30 Education seminars Sometimes it helps to have your options explained to you in person. CareSuper holds free retirement planning seminars throughout Australia each year to help educate members on a range of financial matters. These seminars are a great starting point for anyone who is unsure of what they need to consider as they plan for retirement. Keep your eye out for upcoming seminars on the Events page under Maximise your super at caresuper.com.au. Online support Take a look at the following websites which include a range of helpful information: Website CareSuper caresuper.com.au and whyshouldyoucare.com.au MoneySmart moneysmart.gov.au Association of Superannuation Funds of Australia (ASFA) superannuation.asn.au The Department of Human Services humanservices.gov.au Australian Taxation Office ato.gov.au Some of the things you ll find Transition to Retirement and Pension products A range of super and retirement planning calculators Short online videos on a range of topics such as retirement and estate planning The services available through Industry Fund Services Ltd A range of online calculators, examples and tools including Budget and Retirement Planners How much you might need in retirement based on the ASFA Retirement Standards Details on the government age pension and other government assistance Current information and tax rates relating to super and investments as well as changes to legislation that may affect you 30 caresuper.com.au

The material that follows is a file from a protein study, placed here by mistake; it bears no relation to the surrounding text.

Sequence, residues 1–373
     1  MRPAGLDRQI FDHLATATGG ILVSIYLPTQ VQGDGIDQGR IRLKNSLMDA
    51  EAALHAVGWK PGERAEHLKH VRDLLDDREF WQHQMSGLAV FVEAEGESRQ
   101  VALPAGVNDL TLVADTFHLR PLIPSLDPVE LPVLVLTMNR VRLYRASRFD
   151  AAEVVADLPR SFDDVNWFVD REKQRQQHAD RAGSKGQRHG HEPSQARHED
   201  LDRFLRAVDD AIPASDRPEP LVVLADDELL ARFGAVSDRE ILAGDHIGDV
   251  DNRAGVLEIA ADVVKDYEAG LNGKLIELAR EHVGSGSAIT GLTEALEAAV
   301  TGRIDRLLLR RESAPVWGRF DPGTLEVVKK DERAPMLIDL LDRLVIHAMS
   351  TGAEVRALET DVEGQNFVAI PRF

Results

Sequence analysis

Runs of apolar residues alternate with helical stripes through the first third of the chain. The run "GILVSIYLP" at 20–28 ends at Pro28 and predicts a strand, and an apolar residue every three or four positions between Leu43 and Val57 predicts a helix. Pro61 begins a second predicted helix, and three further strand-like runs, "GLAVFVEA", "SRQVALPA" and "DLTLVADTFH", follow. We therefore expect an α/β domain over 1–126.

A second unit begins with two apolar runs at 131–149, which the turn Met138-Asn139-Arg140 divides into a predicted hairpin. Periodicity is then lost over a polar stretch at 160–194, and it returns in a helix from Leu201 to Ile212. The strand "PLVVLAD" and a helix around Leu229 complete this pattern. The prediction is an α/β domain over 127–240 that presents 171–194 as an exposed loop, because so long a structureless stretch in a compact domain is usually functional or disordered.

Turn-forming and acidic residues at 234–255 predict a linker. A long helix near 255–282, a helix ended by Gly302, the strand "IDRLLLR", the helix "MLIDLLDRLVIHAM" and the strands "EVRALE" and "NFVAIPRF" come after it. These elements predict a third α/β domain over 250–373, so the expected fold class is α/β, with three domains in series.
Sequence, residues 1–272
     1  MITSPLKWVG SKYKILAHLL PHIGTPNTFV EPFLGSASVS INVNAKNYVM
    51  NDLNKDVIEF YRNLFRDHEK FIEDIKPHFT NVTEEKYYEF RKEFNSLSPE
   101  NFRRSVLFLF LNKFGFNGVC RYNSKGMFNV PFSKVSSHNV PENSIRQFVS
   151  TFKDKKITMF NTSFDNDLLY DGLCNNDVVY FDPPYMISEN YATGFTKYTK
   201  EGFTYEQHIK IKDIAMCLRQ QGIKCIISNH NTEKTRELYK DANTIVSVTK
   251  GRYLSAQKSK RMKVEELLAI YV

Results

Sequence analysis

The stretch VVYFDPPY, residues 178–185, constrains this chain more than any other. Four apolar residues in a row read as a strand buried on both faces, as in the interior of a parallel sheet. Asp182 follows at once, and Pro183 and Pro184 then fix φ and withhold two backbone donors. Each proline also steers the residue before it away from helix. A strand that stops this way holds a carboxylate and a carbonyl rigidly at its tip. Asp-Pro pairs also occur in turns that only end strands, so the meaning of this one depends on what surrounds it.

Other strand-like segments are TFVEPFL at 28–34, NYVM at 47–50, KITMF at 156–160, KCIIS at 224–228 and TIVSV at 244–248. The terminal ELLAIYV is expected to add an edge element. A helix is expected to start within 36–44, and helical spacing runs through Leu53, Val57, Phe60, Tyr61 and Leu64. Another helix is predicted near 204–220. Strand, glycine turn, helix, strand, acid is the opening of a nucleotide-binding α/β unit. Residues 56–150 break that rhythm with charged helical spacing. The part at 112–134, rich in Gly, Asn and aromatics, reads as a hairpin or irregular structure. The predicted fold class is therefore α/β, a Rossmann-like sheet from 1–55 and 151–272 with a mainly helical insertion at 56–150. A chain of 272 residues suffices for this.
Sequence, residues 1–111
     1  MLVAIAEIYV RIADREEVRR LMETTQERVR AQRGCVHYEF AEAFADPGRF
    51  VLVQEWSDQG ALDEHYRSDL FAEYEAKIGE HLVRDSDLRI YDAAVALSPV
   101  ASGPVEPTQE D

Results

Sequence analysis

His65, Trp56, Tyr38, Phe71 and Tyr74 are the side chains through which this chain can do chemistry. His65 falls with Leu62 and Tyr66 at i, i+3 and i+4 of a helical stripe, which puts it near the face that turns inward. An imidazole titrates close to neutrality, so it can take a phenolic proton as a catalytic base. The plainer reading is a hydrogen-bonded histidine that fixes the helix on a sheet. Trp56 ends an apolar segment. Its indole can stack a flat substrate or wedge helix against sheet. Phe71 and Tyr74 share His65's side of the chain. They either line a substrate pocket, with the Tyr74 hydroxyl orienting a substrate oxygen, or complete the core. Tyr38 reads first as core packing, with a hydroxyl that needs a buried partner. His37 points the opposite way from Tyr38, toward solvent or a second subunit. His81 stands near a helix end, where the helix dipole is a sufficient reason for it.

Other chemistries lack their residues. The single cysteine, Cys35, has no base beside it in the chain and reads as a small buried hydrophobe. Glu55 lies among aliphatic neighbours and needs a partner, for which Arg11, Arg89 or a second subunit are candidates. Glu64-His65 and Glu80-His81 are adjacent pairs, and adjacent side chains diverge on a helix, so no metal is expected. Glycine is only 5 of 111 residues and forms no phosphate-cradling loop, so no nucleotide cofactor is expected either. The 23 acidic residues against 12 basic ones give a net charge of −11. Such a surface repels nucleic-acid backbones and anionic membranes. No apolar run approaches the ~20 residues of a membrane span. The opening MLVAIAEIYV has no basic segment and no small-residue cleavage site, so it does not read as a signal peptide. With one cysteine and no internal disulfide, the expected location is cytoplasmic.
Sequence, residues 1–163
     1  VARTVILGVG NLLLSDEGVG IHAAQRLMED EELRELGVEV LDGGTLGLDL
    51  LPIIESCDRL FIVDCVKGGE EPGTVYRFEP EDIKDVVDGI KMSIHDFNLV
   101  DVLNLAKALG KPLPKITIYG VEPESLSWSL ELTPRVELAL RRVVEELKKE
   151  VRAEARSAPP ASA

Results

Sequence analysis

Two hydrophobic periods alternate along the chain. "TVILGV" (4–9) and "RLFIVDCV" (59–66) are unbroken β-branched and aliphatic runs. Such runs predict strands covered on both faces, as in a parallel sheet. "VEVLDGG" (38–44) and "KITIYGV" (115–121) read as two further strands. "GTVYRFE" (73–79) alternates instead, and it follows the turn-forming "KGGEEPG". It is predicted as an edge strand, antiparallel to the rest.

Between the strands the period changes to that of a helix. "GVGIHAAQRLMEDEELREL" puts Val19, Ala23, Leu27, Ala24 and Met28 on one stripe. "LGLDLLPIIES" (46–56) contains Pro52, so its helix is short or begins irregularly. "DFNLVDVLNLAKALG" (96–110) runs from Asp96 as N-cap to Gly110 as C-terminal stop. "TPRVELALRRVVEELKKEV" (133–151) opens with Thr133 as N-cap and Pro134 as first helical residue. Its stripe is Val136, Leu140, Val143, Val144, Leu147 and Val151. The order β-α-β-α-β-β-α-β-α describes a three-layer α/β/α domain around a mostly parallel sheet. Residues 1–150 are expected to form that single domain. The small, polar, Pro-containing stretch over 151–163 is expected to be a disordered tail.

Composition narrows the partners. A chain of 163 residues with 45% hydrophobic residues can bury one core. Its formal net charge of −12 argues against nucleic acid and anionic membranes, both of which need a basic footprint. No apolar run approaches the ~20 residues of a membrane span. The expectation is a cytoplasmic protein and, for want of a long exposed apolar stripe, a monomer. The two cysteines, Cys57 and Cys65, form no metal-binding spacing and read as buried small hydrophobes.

31 Tools and resources Other government assistance Even if you don t qualify for the age pension, you may still be eligible for other types of support, including: Commonwealth Seniors Health Card, Low Income Health Care Card and/or Pensioner Concession Card Visit humanservices.gov.au for further information. Provides assistance with the cost of prescription medicines under the Pharmaceutical Benefits Scheme (PBS) and other medical services funded by the Australian Government, along with other concessions provided by state, territory and local governments. CareSuperLine

32 we make it easy for you Issue date May t CO2-e Saved CareSuperLine caresuper.com.au By choosing to use Australian made ENVI Recycled carbon neutral paper for this newsletter, we have helped reduce global greenhouse gas emissions by more than 1.5 tonnes CO2-e. CR/RETIRE/GDE /15 ISS3